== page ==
Saule is the great goddess of the Lithuanian and Latvian peoples from the Baltic area.  Her name means “little white sun.”  She was also called Queen of Heaven and Earth and was envisioned as the sun itself.  She was also the goddess of amber, which comes from the Baltic region.  In contrast to some other capricious solar deities, Saule was loyal and hard working and was greatly admired.  Hae-Soon is a Korean sun goddess.  As she sets off on her daily journey across the sky people come out to look at her.  At first she blushes dimly, but as she feels stronger she burns brighter and lights up the day.  After a time she shines so brightly that people cannot look at her directly.  Akewa is a sun goddess of the Toba people of Argentina.  She journeys across the sky, bringing light to the world each day. Sometimes a great jaguar swallows her, causing solar eclipses.  But she is too hot, and the jaguar spits her out, returning sunlight to earth.

Python is a very ancient Greek goddess in the form of a great dragon.  Python was the original underground guardian at the ancient shrine of Delphi in Greece, long before the priests of Apollo hijacked the site.  Dragons are magical creatures of fire.  In myth she was born to the goddess Hera, without the participation of Zeus, indicating her antiquity. Mahuika is a Maori goddess of fire.  Like Python, she lives deep in the underworld where she preserves the secret of making fire.  Her story is called the “spark of Mahuika.”  To this day the Maori of New Zealand say rubbing together the dry wood of her sacred tree can awaken the sleeping child of Mahuika and bring forth a flame.  

Amaterasu is a Japanese sun goddess.  Long ago her brother savagely destroyed her garden and killed her animals.  She fled inside a cave to hide and deal with her sorrow, and the world became dark and desolate.  Over time eight hundred deities gathered outside the cave to coax her out.  The goddess Uzume performed an outrageous and bawdy dance, using a magical mirror called Yata no Kagami.  Everyone laughed and Amaterasu came out to investigate.  Her brilliance was reflected in the mirror, and she became convinced to return her much needed light to the world.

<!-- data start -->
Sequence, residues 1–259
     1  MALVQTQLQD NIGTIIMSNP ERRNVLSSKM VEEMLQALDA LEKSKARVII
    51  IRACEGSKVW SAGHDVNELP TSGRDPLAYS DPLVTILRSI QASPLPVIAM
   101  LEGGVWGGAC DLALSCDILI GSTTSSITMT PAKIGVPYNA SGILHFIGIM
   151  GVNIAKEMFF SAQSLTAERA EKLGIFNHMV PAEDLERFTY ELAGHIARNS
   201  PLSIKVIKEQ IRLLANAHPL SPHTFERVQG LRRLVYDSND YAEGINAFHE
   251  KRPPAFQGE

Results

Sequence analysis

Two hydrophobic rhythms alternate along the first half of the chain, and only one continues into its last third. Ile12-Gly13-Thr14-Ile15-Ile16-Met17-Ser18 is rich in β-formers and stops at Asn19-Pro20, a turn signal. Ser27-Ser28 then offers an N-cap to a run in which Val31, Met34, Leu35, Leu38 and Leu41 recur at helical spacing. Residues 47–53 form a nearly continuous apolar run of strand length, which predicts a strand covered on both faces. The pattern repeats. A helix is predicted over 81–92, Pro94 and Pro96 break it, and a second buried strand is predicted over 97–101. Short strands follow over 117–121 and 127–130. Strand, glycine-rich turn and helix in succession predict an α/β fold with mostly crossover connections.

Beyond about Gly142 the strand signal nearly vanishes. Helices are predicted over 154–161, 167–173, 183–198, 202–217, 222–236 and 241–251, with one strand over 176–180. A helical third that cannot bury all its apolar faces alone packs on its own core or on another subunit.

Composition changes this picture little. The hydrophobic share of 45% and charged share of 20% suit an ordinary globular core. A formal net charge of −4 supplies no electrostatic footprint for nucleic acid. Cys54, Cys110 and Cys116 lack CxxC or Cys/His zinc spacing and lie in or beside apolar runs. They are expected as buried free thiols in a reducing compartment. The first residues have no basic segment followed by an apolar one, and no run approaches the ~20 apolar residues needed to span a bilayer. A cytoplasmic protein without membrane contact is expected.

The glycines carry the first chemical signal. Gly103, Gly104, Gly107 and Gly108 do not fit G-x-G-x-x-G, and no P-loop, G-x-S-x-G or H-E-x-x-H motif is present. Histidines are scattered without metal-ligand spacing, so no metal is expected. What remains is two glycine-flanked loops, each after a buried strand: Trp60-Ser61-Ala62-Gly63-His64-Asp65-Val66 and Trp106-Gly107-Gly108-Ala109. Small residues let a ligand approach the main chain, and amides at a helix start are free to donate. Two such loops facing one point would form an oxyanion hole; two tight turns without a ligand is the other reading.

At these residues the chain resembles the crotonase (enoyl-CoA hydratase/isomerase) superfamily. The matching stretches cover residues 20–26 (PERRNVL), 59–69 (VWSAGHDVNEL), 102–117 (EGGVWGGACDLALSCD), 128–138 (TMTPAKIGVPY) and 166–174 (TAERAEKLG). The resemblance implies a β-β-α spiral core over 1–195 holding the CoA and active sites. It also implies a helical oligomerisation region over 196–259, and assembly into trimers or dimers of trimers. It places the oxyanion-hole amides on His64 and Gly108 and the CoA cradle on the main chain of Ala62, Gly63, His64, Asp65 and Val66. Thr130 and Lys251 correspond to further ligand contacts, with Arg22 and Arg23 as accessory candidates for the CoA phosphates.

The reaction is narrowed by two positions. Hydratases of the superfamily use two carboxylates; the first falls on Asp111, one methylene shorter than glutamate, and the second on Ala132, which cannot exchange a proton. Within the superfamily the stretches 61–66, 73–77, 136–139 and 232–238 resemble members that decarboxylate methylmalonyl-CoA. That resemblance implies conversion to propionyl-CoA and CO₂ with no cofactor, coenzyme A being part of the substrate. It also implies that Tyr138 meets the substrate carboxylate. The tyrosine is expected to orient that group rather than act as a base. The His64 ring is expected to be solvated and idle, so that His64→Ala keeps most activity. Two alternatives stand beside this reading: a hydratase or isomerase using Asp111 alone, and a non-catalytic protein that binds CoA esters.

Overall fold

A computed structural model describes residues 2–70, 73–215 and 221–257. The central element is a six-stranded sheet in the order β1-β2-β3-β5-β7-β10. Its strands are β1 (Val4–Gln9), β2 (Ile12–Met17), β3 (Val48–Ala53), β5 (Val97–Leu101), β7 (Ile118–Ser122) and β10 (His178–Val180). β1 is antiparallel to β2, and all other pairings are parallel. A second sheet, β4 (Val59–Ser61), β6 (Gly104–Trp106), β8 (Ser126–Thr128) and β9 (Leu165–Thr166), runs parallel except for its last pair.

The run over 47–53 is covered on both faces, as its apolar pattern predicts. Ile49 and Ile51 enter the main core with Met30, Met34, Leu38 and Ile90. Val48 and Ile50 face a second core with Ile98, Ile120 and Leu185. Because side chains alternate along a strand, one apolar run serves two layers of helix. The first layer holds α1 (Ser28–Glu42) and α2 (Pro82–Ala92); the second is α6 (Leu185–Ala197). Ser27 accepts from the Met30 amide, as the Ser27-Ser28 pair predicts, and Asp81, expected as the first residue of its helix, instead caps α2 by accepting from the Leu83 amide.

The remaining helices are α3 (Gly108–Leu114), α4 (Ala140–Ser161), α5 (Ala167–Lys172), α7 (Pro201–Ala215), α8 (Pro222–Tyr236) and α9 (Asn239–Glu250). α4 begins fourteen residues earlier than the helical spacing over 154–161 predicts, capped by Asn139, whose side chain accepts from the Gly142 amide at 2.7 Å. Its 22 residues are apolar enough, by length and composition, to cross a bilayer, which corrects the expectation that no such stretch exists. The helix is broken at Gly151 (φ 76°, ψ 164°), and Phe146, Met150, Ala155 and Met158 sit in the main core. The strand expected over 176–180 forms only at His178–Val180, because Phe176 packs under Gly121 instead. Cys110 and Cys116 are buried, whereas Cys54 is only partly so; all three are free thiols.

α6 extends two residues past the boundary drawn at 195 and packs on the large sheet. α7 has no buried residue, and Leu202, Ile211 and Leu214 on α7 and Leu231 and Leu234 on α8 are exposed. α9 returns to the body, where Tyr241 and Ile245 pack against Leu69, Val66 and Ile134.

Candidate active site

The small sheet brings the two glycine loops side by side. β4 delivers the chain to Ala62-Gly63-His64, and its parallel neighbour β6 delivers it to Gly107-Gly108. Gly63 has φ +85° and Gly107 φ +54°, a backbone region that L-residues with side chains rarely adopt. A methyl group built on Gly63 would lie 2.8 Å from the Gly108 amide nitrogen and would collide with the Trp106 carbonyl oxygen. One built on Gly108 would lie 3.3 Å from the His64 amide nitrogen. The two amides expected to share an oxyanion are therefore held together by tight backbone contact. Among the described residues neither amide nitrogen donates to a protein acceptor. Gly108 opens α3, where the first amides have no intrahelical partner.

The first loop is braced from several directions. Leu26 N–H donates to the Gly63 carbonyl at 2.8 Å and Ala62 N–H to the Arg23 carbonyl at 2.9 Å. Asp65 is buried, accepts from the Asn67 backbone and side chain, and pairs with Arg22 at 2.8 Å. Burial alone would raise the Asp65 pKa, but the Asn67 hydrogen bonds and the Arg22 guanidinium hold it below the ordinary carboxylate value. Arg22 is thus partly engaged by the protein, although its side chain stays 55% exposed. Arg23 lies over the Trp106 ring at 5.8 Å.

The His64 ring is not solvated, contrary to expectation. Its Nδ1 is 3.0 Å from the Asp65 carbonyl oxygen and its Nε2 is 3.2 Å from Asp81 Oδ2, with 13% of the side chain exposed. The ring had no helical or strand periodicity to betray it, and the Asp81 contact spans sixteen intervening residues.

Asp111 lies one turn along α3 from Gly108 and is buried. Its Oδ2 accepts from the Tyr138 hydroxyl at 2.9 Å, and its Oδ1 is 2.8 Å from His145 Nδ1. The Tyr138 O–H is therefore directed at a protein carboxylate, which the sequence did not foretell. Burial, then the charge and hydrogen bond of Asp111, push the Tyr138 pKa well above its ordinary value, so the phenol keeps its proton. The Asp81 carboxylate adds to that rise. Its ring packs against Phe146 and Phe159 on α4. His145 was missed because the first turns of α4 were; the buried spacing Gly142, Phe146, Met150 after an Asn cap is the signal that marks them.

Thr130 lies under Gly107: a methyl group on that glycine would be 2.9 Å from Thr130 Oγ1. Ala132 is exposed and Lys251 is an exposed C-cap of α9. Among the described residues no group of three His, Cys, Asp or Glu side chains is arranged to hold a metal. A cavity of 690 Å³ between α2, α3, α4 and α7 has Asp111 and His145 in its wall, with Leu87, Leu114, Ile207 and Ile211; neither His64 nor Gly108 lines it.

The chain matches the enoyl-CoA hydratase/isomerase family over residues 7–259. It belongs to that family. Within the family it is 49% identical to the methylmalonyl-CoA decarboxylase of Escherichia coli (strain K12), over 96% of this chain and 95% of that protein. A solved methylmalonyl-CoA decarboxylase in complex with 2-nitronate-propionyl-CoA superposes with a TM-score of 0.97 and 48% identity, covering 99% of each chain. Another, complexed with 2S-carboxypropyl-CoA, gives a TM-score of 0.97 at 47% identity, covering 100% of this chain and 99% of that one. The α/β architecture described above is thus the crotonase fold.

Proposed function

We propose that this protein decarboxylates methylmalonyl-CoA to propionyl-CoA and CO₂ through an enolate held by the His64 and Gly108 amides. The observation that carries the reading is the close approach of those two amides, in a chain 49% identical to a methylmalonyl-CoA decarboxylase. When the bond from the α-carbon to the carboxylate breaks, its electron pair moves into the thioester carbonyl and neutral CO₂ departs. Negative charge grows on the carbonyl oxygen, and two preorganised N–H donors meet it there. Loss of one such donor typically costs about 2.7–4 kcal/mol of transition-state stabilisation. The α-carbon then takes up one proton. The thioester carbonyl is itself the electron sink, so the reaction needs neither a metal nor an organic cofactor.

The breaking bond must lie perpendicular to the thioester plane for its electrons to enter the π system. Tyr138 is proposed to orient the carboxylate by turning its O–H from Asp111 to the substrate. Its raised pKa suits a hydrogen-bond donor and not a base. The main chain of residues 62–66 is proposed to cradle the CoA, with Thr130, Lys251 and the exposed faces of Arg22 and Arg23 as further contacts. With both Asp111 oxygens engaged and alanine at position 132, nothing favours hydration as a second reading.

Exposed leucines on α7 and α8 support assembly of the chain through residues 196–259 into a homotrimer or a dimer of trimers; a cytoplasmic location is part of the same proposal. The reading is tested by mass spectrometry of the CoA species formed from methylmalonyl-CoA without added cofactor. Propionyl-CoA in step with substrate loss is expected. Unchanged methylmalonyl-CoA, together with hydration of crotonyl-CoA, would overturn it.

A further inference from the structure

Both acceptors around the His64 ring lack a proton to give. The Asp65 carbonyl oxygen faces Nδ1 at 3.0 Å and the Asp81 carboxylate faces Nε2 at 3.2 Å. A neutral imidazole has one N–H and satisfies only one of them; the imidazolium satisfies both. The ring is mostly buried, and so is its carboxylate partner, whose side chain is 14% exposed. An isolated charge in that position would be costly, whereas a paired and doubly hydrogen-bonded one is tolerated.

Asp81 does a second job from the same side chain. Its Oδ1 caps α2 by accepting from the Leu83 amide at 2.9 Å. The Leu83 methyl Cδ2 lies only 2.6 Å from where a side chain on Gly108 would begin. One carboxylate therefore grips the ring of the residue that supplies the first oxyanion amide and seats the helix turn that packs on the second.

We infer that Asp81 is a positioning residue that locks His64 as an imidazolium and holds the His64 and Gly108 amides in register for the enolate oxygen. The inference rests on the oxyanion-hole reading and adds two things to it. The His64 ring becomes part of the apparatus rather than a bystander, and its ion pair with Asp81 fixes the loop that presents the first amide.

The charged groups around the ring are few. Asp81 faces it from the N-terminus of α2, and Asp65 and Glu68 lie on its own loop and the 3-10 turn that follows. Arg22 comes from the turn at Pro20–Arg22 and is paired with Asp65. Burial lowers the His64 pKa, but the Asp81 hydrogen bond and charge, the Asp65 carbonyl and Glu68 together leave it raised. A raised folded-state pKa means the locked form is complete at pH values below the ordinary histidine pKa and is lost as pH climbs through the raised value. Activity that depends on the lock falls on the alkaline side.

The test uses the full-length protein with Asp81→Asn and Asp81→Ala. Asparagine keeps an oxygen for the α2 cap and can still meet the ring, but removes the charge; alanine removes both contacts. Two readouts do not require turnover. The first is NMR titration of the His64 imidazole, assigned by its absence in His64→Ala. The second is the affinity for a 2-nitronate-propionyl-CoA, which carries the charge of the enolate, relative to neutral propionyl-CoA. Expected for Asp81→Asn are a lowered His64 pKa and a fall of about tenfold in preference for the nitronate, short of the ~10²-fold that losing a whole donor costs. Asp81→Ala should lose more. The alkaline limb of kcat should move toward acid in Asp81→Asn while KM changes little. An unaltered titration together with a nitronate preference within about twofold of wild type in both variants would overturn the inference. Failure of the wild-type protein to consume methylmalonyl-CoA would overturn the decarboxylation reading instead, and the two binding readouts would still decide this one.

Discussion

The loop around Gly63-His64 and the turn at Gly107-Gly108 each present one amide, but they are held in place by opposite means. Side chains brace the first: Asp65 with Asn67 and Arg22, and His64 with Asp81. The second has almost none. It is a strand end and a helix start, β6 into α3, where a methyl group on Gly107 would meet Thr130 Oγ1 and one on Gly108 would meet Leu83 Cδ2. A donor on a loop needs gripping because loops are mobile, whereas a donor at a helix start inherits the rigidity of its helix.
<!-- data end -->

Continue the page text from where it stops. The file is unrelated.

Sunna is a Scandanavian goddess whose title is Mistress Sun.  She carries the sun across the sky each day in her chariot pulled by horses.  Her mother’s name is Sol.  Belisama is a Celtic sun goddess whose name means “bright light.”  She represents the brightness of summer and is a goddess of fire, including sunlight, starlight, and the fires that forge metal for weapons and crafts.  Shapash is a goddess of the sun who was worshiped at sunrise, noon and sunset by the people of ancient Ugarit, part of modern-day Syria.  One of her names was Torch of the Gods.  Like many solar deities she has an affinity with serpents and was said to have the power to cure snakebites with her burning light.

We are close to the midway point between summer solstice and autumn equinox.  Already we can sense a shift in the nature of the light but the power of the sun, and the goddesses who serve and embody this fire, is strong and intense.  We can make conscious use of this fire to burn away what no longer serves us, freeing ourselves to radiate more of our own brilliant and purified light into the world.

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Based on and excerpts from Goddesses for Every Day © 2010 by Julie Loar.   Printed with permission of New World Library, Novato, CA  www.newworldlibrary.com  

Cancer Goddesses — The Shell

“Precious pearls are formed by friction.” Goddesses for Every Day

Cancer is a Cardinal Water sign that marks the Summer Solstice and adds the powerful quality of emotion to the mental nature of the preceding sign.  Cancer acts like the womb, and is the Universal Mother principle, providing the vessel from which all forms are born.  Cancer energy is highly instinctual, nurturing and protective, longing to make a home and build emotional connections.  Learning to stabilize and steady the emotions is the path of Cancer.  

The Goddess Sign for Cancer is the Clam Shell, symbol of the ocean from which Cancer’s traditional symbol of the Crab emerges.  The Goddess Sign for Cancer expresses the sentiment that precious pearls are formed from friction.  Shells, which are containers of the life that emerges from the ocean, appear in numerous cultures as images of the goddess.  Sometimes it is the Cowrie shell, which is widely revered, and is suggestive of a woman’s anatomy.  The goddess Venus also mythically emerged from the ocean on a clamshell.  The sign of Cancer is ruled by the Moon, so Goddesses which appear in the sign of Cancer include lunar goddesses from diverse cultures as well as goddesses of the sea.  Cancer goddesses are nurturing, often creators, and are linked to the ocean which is the source of all life.  They are protective mothers who guard the home, keep the hearth fires burning, and honor their ancestors and ancient traditions.